Small Architecture Strikes Big
Thomas Modeen and Mayssa Al Mumin of Architects Independent exhibit a selection of their work titled Small Architecture, at the Fire Station Museum. The exhibition is ongoing till February 29 and gives an insight into the interminable body of work by an architect who loves to imagine and create, ceaselessly.
If you have read an earlier interview with the architects behind Architects Independent in SCALE, you will not be surprised by the vast variety of products and artifacts on display at the Fire Station Museum. But if you do not know Dr. Thomas Modeen and Maysaa AlMumin be ready to be transported to esoteric bursts of creative ideas expressed in products, from homeware to jewellery, to buildings in response to the architects’ angst at certain persisting conditions and art forms and short films that throw light on the philosophy behind their practice.
The work exhibited has been realized over the past decade or so, and it transcends, or smudges the partitions of usual categories, separating the common classifications defining the various forms of design and art practice (architecture, interior design, product design, sculpture). “The work is united in its interest in the rituals – both formal and mundane – according to which we define ourselves, the emotive catalysts that generate such practices, the sensorial qualities of related artifacts and endeavors, and the associated fabrication methods according to which such designs are made. The exhibition includes works from Johan Granberg, Maryam Al-Homaid, Ghadah Alkandari, Bouthayna Al-Muftah Hadeer Omar and Fatma Al-Remaihi,” explains Thomas of the exhibition titled Small Architecture.
Under the factory-like settings of the Fire Station Museums Workshop 4, the products and architecture that Thomas has dreamt of, sketched in his notepad the appendage that is as permanent as the black garments that Thomas dons, and then finally produced, are exhibited in immaculate order, almost in contrast to the architects thought process that is always in rapid succession with one product taking shape much before the other is complete, but each of them, precise and detailed in its design and execution. In a short portrayal of Thomas in a movie titled, A Strangely Familiar Oddity by Johan Granberg, students, colleagues, and co-workers struggle to put into words the factors that define Thomas and come short, and Maysaa comes close as she says: “design is innate to who he is”.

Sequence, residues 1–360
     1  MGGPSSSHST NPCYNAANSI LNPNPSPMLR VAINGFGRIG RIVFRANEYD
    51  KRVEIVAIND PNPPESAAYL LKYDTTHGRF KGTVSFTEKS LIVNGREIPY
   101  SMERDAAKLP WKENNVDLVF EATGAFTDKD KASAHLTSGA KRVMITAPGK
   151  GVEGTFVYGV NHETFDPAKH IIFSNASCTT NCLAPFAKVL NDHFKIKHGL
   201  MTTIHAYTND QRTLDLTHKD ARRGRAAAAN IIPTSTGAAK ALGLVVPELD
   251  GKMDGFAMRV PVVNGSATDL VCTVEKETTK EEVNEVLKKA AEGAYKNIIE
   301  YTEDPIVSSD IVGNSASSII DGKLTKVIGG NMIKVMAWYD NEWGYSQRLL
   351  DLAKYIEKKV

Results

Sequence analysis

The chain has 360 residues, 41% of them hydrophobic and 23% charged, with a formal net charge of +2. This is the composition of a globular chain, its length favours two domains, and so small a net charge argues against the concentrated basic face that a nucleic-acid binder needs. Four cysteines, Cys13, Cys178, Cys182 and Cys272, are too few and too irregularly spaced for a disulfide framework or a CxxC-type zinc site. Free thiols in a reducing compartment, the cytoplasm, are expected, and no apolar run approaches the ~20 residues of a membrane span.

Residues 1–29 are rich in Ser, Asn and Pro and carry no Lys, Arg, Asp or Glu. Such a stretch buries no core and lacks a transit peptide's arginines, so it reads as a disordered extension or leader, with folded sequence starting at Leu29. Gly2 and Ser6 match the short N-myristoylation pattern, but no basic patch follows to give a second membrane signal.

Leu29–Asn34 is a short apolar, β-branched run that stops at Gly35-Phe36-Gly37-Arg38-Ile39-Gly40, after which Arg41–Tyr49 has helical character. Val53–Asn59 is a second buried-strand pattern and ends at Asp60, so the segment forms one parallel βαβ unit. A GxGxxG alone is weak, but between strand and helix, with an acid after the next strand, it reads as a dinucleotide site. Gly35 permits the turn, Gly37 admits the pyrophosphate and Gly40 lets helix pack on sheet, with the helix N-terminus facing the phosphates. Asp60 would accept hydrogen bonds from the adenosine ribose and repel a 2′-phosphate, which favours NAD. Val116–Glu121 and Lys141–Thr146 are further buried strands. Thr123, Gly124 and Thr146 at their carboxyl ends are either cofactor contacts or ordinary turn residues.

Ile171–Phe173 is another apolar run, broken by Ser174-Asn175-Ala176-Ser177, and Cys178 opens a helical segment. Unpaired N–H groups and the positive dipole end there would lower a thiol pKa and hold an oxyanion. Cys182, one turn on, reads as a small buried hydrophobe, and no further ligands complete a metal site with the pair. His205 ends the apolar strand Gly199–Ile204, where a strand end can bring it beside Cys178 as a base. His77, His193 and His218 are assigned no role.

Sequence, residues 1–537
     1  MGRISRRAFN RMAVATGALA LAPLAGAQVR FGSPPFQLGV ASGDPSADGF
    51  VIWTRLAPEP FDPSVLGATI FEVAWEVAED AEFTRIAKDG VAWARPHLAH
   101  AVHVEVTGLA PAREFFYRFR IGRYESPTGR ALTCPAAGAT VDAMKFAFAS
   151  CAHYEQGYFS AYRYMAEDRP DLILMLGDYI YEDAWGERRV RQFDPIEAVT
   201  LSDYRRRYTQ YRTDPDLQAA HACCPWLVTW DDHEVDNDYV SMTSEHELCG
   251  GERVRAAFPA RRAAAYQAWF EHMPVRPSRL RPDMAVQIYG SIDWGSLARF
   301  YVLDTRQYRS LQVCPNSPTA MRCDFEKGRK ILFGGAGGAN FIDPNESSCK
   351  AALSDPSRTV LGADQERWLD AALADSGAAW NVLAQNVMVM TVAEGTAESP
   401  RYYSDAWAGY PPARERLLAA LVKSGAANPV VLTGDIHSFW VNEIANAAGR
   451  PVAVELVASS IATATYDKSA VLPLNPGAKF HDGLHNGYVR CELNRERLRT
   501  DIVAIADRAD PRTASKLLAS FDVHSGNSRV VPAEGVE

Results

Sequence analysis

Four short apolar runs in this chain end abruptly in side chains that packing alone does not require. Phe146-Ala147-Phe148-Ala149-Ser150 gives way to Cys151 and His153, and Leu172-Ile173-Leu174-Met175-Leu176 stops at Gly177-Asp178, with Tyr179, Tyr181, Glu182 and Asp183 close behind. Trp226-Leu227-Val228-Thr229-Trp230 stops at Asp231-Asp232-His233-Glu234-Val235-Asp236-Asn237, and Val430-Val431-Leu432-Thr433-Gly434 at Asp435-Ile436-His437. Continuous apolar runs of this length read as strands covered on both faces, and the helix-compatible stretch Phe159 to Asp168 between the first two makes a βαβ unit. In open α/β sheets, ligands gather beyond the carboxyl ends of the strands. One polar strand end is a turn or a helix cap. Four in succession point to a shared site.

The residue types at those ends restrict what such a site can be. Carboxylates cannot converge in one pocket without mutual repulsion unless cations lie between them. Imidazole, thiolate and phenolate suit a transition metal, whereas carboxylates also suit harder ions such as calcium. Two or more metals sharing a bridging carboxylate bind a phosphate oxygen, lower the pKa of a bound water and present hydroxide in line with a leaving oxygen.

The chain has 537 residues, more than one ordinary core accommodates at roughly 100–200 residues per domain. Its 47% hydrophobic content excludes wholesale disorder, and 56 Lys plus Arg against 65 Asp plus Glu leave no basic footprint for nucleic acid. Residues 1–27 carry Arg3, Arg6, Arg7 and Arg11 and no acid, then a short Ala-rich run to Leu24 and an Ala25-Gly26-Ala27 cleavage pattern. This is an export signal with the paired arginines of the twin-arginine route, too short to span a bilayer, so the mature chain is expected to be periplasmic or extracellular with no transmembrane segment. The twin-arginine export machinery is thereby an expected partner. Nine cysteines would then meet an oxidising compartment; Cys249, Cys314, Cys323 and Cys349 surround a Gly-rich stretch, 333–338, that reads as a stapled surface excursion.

SCALE engages Thomas Modeen, the restless creator who can never really stop creating or imagining, and sketching, in a dialogue that gives us an interesting perspective of the man behind the storm of philosophies that give rise to more creative ideas and final products.
- What do you mean by Small Architecture and how does it fit the context of the exhibition?
The terms ‘small architecture’ is somewhat an inside pun, as our former company in London was called Small Architecture. But, in this instance, it refers to how we approach the design work we do. We consider it from a somewhat ‘architectural’ perspective, entailing that everything is questioned, from the conceptual premises from which a design proposal is instigated (the questions we pose, the theoretical frameworks we apply), to the methods through which it is realized (materials, means of fabrication, available craftsmanship, budget, etc.). Here details, in every sense of the word and regardless of the scale of the design we’re working on, matter…
A summary, of sorts, encapsulating this attitude to design is a related ‘lightbulb’ joke which goes:
- How many architects does it take to change a lightbulb!
- Does it have to be a lightbulb?
…The pursuit of answers is a perpetual process and to some degree, a design is never really concluded.
Recognizing the value of the small, the detail, the nuance in any design one is involved with, regardless of scale or complexity, is fundamental for its success.
- Which of the artifacts exhibited here fall under the category of sensory stimulants and emotive embodiments?
In some sense, they all do, including the architecture…